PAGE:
Pin It

Designer Erkan Çoruh

The Turkish designer delves into the inspirations behind his unusual collections and his very special muse, Iranian artist Shirin Neshat.

The conflicts over what Muslim women living in the West should wear often spawns endless debates on the pages of newspapers and magazines. Religious and political issues are usually explored in connection with themes such as civil rights, repression and freedom, causing further frictions and misunderstandings. Inspired by these debates, Turkish designer Erkan Çoruh tries to find, through his collections, a balance between Islamic attire and Western elegance. In his Autumn/Winter 2010 men and women’s wear collections, entitled 'The Men & Women of Allah', Çoruh mixed Islamic traditions with Western styles by rethinking the burqa, integrating it in jackets and shirts, using the draped motifs that characterise this garment for dresses and pants, matching skinny trousers with long robes in a gender-bending game to discover new balances through traditional garments.

In July this year, Çoruh won the 'Who Is On Next?' competition for womenswear with his Spring/Summer 2011 collection 'Radical Beauty'. It was inspired by a very special muse, Iranian artist and film maker Shirin Neshat, famous for her award-winning film 'Women Without Men' and iconic photographic series 'Women of Allah'. Neshat’s life helped Çoruh find the perfect synthesis between Islamic traditions and fashion and Western culture and urban trends, taking the burqa and mixing it with a jacket Chanel style or creating decorative appliquéd 3D motifs, inspired by the burqa on sleeveless tops. Fear not, though, this is not the next incarnation of 'Islamic chic', but it’s definitely an attempt to break all the rules, tackling vital political, religious and social topics and challenging many established beliefs, prejudices and preconceptions.  

Dazed Digital: How did you feel about winning the ‘Who Is On Next?’ competition?
Erkan Çoruh: I felt happy for myself and for my Milan-based team, but we took the competition results as an encouragement to get on with our work. I launched my brand with one main idea in mind, believing into what I do and this is what my team and I have been doing, creating garments that we think can spark up a dialogue between people.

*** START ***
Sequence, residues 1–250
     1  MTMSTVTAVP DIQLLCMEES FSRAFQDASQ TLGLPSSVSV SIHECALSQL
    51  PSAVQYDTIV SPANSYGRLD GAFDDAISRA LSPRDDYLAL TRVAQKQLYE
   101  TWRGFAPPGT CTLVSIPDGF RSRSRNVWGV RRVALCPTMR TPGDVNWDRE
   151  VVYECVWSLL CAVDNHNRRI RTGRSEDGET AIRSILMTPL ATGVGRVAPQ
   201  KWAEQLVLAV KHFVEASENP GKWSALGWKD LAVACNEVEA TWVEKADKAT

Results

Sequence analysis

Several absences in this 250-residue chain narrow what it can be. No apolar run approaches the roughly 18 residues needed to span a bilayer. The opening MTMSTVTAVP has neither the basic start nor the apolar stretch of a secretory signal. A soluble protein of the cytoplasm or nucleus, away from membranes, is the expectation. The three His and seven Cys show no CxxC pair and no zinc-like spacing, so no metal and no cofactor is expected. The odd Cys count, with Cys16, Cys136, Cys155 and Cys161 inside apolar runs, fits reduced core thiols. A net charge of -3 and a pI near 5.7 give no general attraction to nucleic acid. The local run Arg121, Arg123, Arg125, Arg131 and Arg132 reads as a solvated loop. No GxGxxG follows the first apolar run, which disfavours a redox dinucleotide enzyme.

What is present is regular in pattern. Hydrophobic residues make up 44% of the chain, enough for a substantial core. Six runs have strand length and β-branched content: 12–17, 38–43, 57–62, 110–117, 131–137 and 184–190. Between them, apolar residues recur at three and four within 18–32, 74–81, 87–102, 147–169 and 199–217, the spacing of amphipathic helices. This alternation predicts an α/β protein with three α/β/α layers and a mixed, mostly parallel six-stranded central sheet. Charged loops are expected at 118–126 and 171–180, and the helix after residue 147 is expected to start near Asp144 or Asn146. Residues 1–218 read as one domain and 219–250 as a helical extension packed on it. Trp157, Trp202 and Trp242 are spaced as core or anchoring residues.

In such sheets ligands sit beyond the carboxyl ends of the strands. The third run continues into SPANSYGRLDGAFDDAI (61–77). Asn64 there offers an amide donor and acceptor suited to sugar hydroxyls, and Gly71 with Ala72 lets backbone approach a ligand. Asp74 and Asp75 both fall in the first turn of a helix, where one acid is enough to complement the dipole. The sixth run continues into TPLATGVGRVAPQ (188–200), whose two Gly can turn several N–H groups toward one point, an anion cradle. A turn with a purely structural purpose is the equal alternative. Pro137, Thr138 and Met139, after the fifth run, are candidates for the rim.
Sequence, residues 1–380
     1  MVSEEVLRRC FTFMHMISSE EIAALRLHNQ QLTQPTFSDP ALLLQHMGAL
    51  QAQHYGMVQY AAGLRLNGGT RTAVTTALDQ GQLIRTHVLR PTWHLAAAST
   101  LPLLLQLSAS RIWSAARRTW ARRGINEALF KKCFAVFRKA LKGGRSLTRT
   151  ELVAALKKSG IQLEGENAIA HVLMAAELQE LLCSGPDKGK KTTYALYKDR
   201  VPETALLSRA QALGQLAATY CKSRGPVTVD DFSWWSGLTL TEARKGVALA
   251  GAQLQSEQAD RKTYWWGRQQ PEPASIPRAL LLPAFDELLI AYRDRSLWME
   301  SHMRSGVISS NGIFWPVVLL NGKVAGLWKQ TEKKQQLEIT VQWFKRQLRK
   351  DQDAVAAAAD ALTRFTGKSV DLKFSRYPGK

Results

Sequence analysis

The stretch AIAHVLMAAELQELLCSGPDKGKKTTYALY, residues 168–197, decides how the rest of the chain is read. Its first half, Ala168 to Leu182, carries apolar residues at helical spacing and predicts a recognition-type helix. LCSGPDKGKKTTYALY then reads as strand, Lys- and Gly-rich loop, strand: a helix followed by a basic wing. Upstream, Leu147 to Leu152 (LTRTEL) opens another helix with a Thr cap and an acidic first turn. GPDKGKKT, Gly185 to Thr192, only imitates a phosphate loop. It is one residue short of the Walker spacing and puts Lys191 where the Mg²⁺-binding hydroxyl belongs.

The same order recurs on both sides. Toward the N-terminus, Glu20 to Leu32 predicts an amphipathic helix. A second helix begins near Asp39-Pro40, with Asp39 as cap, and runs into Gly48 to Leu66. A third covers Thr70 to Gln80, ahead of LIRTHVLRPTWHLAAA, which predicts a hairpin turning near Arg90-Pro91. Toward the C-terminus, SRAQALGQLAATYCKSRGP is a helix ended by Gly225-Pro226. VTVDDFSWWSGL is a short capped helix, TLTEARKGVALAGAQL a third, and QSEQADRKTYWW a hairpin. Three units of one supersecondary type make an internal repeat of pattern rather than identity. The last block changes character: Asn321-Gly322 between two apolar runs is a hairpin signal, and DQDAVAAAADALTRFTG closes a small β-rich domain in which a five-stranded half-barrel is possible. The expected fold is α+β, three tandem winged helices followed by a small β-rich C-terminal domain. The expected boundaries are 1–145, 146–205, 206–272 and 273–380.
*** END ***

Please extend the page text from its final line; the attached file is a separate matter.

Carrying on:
DD: What does Iranian artist Shirin Neshat represent for you?
Erkan Çoruh: She is a very special and inspiring muse. I first heard about her when she presented her “Women of Allah” project at the International Istanbul Biennale and, from then on, I’ve always followed her work. I thought it was interesting to use her as my muse because she is an elegant and spontaneous woman with a very strong vision of femininity in mind. I felt she could have helped me developing a new image for my womenswear collections and, through her, I could have explored issues like feminism in Islam as well.
DD: In both your men and women’s wear collections elements of Islamic dress are combined with Western attires: is this a way to reach a balance or break boundaries?      
Erkan Çoruh: I was born in Istanbul and moved to Italy where I studied and worked. I got used to life in Italy and found a balance between my origins and the country where I moved and I tried to represent this balance in my collections. I developed my womenswear also as a sort of celebration of Muslim women living in the West and in Europe who have found stability and balance in other countries. I think that the main aim of my garments, though, is to spark a dialogue: in my Autumn/Winter 2010 collection there is a jacket in Chanel style that can be transformed into a burqa. I considered the latter in my collections as a garment out of a woman’s wardrobe without any political connections and developed it in an innovative way, trying to prove that even two radically different garments can create one and only amazing dialogue. I also developed a burqa that turns into an elegant dress or shirt. I consider these garments as ways to ponder about elegance and style.

DD: Who are your favourite fashion designers?
Erkan Çoruh: Comme des Garçons’ Rei Kawakubo and Martin Margiela. I’ve always been fascinated and inspired by Kawakubo and Margiela’s honesty, integrity and sincerity, because these values reach out to the wearers and create a dialogue with them.

DD: Previously ignored by the global fashion scene and sadly famous for its trials against freedom of expression, Turkey is currently considered as a vibrant country with many young and innovative artists. Do you feel that Turkey has truly changed in the last few years?
Erkan Çoruh: Istanbul is currently European Capital of Culture, so there is a lot going on there, and, in my opinion, after the Orhan Pamuk case, many things changed over there. What’s most important is that there is a stronger and braver intellectualism in art and culture. When I first started working on my collections also my mother was worried, but I think we must go on working along these lines, push forward in our work and develop new cultural paths.  

DD: What projects do you have in mind for the future?
Erkan Çoruh: I have a very small team in Milan and, while we don’t want to become too commercial, we would like to develop our work and start important collaborative projects with different artists and musicians and maybe focus also on visual arts. In fact I think it would be truly amazing if we could do something with Shirin Neshat herself!
Subscribe to the Dazed newsletterGet the day on Dazed straight to your inbox